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In a man’s life there are few certainties, and one of these is that sooner or later he will suffer from back pain.

 One of the most common causes of back pain is certainly represented by a slipped disc. The symptomatic lumbar disc herniation is a degenerative disease of the intervertebral disc that manifests with a clinical picture that is characterized by back pain, sciatica or radiculopathy compression and crucial limitation or loss of function. Natural history studies indicate that hernias of the intervertebral disc are resorbed often wholly or in part and that the symptomatology associated with them frequently regresses with conservative treatments. Herniated lumbar discs are detected with diagnostic imaging with high frequency in people of all asymptomatic backgrounds. Therefore, the herniated disc is a dynamic phenomenon, as well as a relatively common condition and favorable prognosis in most cases. (Istituto Superiore Sanità, Guidelines disc herniation).

What is a herniated disc?

 To understand what a herniated disc is, you must first know the anatomy of the spinal column. The spine is made ​​up of 32-33 vertebrae (7 cervical, 12 thoracic and 5 lumbar, 5 sacral and 3-4 coccygeal). Each vertebra is numbered with an increasing number from top to bottom, C1-C2-C3 … C7-T1-T2-T3 … T12-L1-L2-L3-L4-L5-S1 … the last lumbar vertebra, called L5, is placed above the first vertebra of the sacrum, named S1. Between a vertebra and the other are interposed soft pads called intervertebral discs, which are appointed and leads through the number and location of the vertebra above and below. For example, the C4-C5 disc is the disc between the fourth and fifth cervical vertebra, while the disc between the fourth and fifth lumbar vertebrae is called disc L4-L5.

 In most cases, the disc herniation occurs in the lumbar region (95% in the L4-L5 and L5-S1), followed by cervical region (many times C5-C6, C6-C7), and then by only 0.15% / 4.0% of cases in the thoracic region. The thoracic discs are, in fact, very stable and hernias in this region are quite rare.

The intervertebral discs have a thickness ranging from 6-7 mm to 10-12 mm and a diameter equal to that of the adjacent vertebrae and act as shock absorbers between the vertebras. When we bend, the disc is changed so as to facilitate the movement of the spine. When we skip, the disk allows to mitigate the impact on the vertebrae. This deformability of the disc is related to its structure: a central part soft and rich in water, called the nucleus pulposus, and a peripheral part consisting of more resistant and fibrous material, called the annulus fibrous.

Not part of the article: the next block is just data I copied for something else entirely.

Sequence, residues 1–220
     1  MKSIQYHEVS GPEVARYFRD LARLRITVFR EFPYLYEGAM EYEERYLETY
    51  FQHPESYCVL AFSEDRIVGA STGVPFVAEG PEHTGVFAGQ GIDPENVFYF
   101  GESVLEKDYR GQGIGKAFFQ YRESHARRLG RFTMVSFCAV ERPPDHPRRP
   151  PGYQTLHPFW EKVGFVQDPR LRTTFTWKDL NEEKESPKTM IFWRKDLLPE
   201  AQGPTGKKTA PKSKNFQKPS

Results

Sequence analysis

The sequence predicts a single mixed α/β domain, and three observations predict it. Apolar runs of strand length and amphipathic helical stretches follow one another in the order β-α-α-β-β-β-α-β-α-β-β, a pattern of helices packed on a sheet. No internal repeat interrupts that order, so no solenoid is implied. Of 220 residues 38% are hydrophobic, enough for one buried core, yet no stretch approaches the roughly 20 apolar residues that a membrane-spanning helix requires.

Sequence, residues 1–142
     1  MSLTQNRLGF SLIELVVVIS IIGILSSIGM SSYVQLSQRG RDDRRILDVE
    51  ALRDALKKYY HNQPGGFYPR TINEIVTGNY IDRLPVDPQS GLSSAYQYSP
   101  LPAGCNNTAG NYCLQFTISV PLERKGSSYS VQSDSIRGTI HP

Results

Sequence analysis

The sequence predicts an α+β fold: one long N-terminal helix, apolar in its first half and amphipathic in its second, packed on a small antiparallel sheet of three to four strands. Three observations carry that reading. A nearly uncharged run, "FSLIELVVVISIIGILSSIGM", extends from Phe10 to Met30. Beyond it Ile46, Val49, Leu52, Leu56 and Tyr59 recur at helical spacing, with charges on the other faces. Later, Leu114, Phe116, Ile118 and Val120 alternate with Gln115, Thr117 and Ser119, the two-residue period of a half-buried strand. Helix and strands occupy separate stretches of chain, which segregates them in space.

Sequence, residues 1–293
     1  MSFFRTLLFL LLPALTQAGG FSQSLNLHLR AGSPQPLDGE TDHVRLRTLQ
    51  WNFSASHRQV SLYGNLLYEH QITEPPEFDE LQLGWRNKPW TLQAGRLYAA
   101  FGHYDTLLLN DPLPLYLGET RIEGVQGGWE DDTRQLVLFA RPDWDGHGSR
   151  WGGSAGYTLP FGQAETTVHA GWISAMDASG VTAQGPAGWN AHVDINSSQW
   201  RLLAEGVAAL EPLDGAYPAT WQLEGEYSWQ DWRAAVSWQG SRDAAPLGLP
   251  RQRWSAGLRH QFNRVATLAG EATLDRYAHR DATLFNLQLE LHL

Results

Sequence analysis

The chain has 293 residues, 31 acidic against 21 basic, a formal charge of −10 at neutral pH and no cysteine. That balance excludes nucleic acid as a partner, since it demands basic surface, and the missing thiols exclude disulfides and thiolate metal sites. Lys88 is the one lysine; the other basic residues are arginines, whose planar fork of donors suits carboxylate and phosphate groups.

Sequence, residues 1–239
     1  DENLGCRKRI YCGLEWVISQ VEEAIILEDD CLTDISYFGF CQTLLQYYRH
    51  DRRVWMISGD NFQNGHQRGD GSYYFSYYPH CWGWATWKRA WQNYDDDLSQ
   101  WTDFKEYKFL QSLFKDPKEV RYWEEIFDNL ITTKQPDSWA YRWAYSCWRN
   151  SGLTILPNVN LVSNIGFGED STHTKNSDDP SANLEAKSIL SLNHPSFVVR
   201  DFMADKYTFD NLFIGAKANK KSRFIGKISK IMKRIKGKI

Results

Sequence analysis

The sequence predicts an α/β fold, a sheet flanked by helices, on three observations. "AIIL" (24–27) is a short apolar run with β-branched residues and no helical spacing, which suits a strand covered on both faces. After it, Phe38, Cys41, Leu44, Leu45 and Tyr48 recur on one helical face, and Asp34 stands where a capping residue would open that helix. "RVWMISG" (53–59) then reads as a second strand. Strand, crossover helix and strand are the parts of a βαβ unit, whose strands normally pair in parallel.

For reasons not entirely clear (Individual predisposition overload? posture? Smoke? …), the outer part of the fiber can lose its ability to hold a belt as the nucleus pulposus. This determines the leakage of the nucleus with the formation of disc herniation.

  Many times the fibrous ring though torn is not broken and the disc remains intact although distorted or warped: this is called a disc protrusion or bulging. However, when the fibrous ring is broken, it is called a herniated disc. In this case, the content of the gelatinous content of the disc protrudes to move into the spinal canal, sometimes directly pressing directly against the nerve roots.

If you want to be very precise you should avoid talking about herniated discs in many cases. The proper name common to all the deformations of the disc should be disc protrusion. In turn, the protrusion is distinct in harmonic or circumferential protrusion (bulging in English), when the disk is expanded in its entire circumference (like a flat tire); and when the focal disc protrusion presents with a deformation in a single point. The latter condition is commonly called herniated discs.

In common parlance and even when the medical professionals speak of protrusions, there is a point when the deformation is a very small hernia, then when the deformation is a slightly larger hernia, and when the deformation is an even larger massive hernia even the doctor is surprised at the size of the hernia! Actually the term hernia should define only those conditions in which the nucleus pulposus wants to escape from the hard disc’s lacerandone fibers (third picture above).

This explains the confusion that sometimes the terms generate … “I thought it was a hernia but it was a protrusion instead” … … “Lucky you, I was diagnosed with a protrusion but the professor told me that it was a hernia instead!” … in fact our two patients have both a protrusion also called hernia, or much better and more clearly, have a deformation of the intervertebral disc.

053-0029 Any deformation of the disc can lead to inflammation and pain, whether it is small, very small or very voluminous. Often more than the size of the deformation of the disk affects the venue; it is the classic example of the intraforaminal (herniated disc). As the nerve exits the vertebral canal, a kind of protective tube placed around the spinal cord and nerve roots to perform a protection action, through a relatively small hole with the boney walls, the presence of even a small compression here easily determines major pain. The same deformation (protrusion or herniation, if you prefer) at another point might even go unnoticed without showing any symptoms.

To simplify this site will use the term hernia is understood in the usual sense.

Why do I have pain?